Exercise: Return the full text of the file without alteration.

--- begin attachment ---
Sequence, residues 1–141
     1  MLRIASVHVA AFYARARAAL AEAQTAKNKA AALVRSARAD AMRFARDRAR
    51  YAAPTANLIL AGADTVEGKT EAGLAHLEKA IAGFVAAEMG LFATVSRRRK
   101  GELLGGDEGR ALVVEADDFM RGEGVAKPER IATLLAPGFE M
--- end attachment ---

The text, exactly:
Sequence, residues 1–141
     1  MLRIASVHVA AFYARARAAL AEAQTAKNKA AALVRSARAD AMRFARDRAR
    51  YAAPTANLIL AGADTVEGKT EAGLAHLEKA IAGFVAAEMG LFATVSRRRK
   101  GELLGGDEGR ALVVEADDFM RGEGVAKPER IATLLAPGFE M